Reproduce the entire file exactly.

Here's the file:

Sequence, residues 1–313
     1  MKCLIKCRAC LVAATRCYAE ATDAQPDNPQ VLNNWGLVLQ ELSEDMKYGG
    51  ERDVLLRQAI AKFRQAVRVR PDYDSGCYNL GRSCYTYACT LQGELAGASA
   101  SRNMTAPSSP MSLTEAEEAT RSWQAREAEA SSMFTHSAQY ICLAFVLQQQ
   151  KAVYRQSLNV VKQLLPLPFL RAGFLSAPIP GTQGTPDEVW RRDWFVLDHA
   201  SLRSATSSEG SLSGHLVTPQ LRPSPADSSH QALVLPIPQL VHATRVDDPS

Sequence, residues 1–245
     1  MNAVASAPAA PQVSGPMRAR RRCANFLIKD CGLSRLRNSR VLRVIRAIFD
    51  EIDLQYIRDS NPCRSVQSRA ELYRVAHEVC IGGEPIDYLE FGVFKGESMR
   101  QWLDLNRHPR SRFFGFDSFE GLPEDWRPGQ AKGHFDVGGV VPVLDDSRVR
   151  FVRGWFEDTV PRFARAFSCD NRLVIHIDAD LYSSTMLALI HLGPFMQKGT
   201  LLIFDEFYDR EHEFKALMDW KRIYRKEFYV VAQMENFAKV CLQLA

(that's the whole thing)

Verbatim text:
Sequence, residues 1–313
     1  MKCLIKCRAC LVAATRCYAE ATDAQPDNPQ VLNNWGLVLQ ELSEDMKYGG
    51  ERDVLLRQAI AKFRQAVRVR PDYDSGCYNL GRSCYTYACT LQGELAGASA
   101  SRNMTAPSSP MSLTEAEEAT RSWQAREAEA SSMFTHSAQY ICLAFVLQQQ
   151  KAVYRQSLNV VKQLLPLPFL RAGFLSAPIP GTQGTPDEVW RRDWFVLDHA
   201  SLRSATSSEG SLSGHLVTPQ LRPSPADSSH QALVLPIPQL VHATRVDDPS

Sequence, residues 1–245
     1  MNAVASAPAA PQVSGPMRAR RRCANFLIKD CGLSRLRNSR VLRVIRAIFD
    51  EIDLQYIRDS NPCRSVQSRA ELYRVAHEVC IGGEPIDYLE FGVFKGESMR
   101  QWLDLNRHPR SRFFGFDSFE GLPEDWRPGQ AKGHFDVGGV VPVLDDSRVR
   151  FVRGWFEDTV PRFARAFSCD NRLVIHIDAD LYSSTMLALI HLGPFMQKGT
   201  LLIFDEFYDR EHEFKALMDW KRIYRKEFYV VAQMENFAKV CLQLA